Guest Column: Go vote in the ASCSU election

Left to right, ASCSU Presidential and Vice Presidential Candidate Nigel Daniels and Andrew Olson and ASCSU Presidential and Vice Presidential Wendy Bowling and John Stockley.
Left to right, ASCSU Presidential and Vice Presidential Candidate Nigel Daniels and Andrew Olson and ASCSU Presidential and Vice Presidential Wendy Bowling and John Stockley.

It’s that time of year when the weather is warm, we can feel the end of the semester coming and ASCSU presidential candidates invade the plaza. If you are like I was when I was a freshman, before I joined ASCSU, you probably know little — if anything — about the elections process.

To start, elections are always held annually the third week after spring break. The candidates may campaign for election, which is what you have been seeing out on the Plaza recently. The official polling place is any on-campus public computer lab that is supported by student fees and any computer location administered by ASCSU for the express purpose of voting.

The elections committee, headed by the elections manager, is in charge of the crucial election operations. The election committee carries out violation hearings to enforce election guidelines and to give appropriate penalties for violations. The committee also holds orientations to ensure that candidates are well informed on the ASCSU Referenda and Elections Code and determines if a candidate is eligible to be certified to run for office.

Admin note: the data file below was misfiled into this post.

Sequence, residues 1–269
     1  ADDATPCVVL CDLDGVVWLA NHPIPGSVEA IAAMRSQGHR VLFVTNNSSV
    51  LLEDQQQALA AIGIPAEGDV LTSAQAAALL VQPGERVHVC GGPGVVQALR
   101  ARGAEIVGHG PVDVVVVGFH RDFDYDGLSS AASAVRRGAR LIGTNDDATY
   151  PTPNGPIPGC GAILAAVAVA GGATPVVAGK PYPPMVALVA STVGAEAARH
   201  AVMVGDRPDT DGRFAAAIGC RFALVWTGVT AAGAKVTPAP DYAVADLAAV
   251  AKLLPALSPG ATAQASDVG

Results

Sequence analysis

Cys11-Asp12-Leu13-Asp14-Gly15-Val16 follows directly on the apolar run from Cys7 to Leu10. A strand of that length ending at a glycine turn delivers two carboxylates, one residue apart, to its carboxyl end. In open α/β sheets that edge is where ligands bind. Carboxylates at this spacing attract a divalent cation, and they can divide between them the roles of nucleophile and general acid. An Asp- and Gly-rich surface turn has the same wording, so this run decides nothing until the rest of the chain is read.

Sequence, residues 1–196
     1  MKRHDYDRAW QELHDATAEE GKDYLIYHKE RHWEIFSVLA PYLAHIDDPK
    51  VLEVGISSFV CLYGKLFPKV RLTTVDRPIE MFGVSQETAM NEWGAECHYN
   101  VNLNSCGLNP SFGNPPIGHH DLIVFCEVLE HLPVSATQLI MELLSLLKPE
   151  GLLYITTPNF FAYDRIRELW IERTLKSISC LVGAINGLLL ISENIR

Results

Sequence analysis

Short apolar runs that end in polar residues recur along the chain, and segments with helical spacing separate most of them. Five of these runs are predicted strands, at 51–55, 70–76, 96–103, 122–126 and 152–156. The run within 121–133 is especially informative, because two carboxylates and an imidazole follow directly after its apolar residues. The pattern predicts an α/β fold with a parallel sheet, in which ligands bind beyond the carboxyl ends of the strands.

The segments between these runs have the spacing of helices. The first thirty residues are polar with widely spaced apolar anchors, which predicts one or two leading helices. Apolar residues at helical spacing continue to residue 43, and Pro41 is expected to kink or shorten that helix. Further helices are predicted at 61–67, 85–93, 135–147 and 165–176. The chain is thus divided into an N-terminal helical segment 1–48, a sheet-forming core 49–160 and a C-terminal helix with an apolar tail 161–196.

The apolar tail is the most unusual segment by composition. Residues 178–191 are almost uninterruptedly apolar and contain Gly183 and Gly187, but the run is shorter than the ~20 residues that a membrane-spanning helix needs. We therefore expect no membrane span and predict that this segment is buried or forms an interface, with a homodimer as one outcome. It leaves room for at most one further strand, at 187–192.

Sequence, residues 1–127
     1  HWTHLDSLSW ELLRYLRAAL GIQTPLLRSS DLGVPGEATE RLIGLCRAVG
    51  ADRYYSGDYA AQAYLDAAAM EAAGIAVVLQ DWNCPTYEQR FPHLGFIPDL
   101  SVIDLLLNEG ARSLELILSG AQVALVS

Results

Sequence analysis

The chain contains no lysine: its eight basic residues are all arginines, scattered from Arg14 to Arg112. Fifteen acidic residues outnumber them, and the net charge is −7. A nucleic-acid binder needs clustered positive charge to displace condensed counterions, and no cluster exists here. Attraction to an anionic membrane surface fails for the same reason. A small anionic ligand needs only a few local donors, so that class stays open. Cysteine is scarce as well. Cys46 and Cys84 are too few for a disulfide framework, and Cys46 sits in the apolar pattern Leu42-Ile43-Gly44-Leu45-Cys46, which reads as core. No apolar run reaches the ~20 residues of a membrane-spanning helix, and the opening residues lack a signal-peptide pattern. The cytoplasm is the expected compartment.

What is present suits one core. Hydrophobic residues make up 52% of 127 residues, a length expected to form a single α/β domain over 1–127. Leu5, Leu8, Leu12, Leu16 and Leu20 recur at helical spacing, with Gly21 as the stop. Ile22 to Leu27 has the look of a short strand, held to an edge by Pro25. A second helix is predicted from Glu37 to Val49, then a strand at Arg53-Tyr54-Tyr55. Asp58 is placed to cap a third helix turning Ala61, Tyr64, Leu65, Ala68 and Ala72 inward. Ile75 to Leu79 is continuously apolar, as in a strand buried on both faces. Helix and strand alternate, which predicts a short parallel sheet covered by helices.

If someone is to appeal a ruling by the ASCSU Elections Committee, they must file an appeal with the chief justice of the ASCSU Supreme Court. The appeal must be filed on the basis of a due process violation, inappropriate sanctions, or new information that may alter the outcome of the original hearing. A quorum of eligible ASCSU supreme court justices will render a final a binding decision, with no further appeal available.

A candidate’s campaign can be a deciding factor in any election, and ASCSU is no different. The candidates must submit their weekly donation and expenditure report, which outlines all campaign materials and shipping costs, including donated and discounted goods. The spending limit for the presidential campaign has been decreased from $2000 to $1500 this year, and any campaign that exceeds that limit is immediately expelled. They cannot use any student fees, university logos or the ASCSU logo for any campaign material. There is also a strict drug/alcohol policy during campaigning, for which candidates cannot use alcohol in any way to influence a vote and no illegal drug related activities may be involved in fundraising or campaigning.

Last but not least, voting will occur April 8 through April 10 on RamWeb. Each member of ASCSU may vote for one ticket. Voting is a simple process that would probably take less than a minute of your time. I would encourage students to educate themselves on the candidates as much as possible and vote.

Keith Patton, ASCSU Supreme Court Liaison